When creating, the brothers have an interesting method of collaboration. They work simultaneously in the same studio, leaving unfinished pieces out for the other to be inspired by and often to add to.

Rob elaborates, “At the studio we don’t say, ‘This is mine, that’s yours.’ We refer to the drawings that haven’t made it into the process yet as carcasses. If a painting sits around for a while, one of us will usually grab it all of a sudden and change it in some way. It’s a constant give and take.” Christian adds, “When do get into a heated spot with a piece, we know each other well enough to let things stew.” (Source)

Their different approaches and techniques are evident in this collection, and it is particularly apt. The varied stylistic choices — assemblage, drawing, collage—speak to the patchwork merchandise in the store as well as to the diverse shoppers.

“The characters that inhabit Open to the Public are overall a sweet bunch. They might look disjointed and fractured, or some might say disturbing, but our overall intent with these drawings was to gain an honest understanding of ourselves as humans. The objects that are discarded or donated to the thrift store become a direct reflection on us as people. We look at the objects like archaeologists, and there is narration attached to all of it. The stories of peoples lives, creative heartfelt moments, messages left for loved ones, forgotten memories… this is what has been driving our characters.” (Source)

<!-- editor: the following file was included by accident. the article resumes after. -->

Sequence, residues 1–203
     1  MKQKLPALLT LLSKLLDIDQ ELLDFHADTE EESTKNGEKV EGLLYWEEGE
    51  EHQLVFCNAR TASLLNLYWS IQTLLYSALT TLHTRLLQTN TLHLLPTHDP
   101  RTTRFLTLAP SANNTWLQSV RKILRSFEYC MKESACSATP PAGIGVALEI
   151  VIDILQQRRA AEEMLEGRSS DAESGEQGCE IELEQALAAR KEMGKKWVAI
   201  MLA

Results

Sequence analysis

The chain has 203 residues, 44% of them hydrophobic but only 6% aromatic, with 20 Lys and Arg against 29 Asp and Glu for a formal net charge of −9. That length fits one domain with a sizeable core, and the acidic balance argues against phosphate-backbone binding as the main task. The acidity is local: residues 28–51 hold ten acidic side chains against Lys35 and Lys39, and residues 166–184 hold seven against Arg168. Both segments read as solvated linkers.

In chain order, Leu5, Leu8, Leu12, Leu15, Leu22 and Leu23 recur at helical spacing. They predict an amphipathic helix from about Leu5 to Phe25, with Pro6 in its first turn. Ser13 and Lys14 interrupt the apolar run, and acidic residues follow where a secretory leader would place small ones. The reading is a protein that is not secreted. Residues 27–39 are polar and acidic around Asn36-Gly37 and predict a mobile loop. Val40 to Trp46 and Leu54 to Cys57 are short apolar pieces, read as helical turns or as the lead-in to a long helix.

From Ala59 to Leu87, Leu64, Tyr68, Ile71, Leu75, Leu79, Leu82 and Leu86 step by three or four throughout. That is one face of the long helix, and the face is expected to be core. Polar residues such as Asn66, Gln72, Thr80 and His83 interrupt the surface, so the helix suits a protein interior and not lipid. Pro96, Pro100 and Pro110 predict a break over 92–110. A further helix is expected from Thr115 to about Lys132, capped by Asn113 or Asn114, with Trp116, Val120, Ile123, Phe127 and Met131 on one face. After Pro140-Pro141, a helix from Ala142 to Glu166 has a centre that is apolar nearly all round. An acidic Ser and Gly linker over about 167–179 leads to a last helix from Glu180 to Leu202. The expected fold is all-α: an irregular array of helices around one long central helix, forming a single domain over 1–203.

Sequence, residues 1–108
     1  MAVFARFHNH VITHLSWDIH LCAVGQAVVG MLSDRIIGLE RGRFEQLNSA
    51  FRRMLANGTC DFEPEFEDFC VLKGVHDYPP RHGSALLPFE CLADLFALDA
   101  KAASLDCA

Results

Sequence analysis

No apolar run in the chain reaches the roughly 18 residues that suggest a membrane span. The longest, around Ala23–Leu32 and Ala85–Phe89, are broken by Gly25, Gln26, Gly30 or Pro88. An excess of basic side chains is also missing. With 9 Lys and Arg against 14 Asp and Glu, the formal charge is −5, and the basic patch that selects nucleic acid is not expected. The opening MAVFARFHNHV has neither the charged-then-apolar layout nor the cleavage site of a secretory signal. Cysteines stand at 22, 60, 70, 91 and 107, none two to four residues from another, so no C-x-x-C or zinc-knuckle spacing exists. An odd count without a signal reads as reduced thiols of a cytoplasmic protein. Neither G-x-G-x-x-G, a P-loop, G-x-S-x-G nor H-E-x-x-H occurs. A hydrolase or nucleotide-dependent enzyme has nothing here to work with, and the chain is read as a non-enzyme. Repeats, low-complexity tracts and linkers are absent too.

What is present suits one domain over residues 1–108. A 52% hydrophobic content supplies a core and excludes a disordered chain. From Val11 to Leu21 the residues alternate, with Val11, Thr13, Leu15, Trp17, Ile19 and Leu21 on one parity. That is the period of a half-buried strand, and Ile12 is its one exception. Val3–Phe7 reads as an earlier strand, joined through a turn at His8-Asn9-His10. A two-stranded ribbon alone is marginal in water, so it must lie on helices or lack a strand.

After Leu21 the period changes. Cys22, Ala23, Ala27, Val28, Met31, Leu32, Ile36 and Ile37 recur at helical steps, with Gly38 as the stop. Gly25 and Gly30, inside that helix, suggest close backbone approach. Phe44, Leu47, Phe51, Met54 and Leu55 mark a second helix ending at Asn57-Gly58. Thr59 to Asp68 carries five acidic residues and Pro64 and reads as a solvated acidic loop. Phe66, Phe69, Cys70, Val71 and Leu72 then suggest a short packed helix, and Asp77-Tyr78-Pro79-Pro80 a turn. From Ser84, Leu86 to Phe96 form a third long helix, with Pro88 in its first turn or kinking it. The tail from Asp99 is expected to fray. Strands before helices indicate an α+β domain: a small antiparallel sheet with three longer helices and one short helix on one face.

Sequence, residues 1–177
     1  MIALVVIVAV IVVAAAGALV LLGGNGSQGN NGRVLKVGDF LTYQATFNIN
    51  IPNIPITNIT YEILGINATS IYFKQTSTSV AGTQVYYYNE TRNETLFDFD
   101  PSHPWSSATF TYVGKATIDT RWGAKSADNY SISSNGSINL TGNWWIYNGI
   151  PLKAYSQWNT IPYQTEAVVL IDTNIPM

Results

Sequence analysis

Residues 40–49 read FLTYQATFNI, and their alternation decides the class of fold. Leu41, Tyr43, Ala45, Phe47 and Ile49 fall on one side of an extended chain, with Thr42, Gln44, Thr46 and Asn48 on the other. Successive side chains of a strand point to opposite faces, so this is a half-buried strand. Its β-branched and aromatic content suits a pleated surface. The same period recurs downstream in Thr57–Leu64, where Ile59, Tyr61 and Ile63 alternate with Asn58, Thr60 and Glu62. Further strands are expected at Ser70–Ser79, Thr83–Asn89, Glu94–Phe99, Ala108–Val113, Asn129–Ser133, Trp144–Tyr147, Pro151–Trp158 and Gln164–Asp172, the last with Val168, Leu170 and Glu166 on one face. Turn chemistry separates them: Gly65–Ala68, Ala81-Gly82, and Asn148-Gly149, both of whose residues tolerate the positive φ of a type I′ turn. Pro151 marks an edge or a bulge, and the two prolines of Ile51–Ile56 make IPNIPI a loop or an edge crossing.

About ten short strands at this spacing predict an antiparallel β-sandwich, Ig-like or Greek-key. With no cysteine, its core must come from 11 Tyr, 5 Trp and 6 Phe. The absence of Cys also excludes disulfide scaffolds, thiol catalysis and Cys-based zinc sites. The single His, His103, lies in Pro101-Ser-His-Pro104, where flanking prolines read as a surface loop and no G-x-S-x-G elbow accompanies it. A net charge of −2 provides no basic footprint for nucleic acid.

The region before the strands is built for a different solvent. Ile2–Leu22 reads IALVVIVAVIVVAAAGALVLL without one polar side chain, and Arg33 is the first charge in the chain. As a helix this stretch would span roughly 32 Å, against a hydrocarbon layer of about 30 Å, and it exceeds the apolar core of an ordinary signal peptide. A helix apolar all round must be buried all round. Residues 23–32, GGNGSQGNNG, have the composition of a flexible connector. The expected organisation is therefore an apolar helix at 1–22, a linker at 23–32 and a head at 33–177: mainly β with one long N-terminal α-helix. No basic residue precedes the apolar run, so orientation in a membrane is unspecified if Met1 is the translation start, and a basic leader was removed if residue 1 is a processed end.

Toru Izumida Creates Digital Collages With Computer Screenshots

Screen Shot 2014-08-30 at 11.35.13 PM

Screen Shot 2014-08-30 at 11.35.13 PM

Screen Shot 2014-08-30 at 11.51.50 PM

Screen Shot 2014-08-30 at 11.51.50 PM

Screen Shot 2014-08-31 at 12.07.11 AM

Screen Shot 2014-08-31 at 12.07.11 AM

Screen Shot 2014-08-31 at 12.17.04 AM

Screen Shot 2014-08-31 at 12.17.04 AM

A screenshot, or screen capture, is a tool that’s existed on computers for a very long time, and it’s an easily accessible modern-day archival method. In just a split second, we can take a snapshot of our desktop or movie screen and save it later use. For Japanese artist Toru Izumida, this simple process is used to create collage-esque artwork.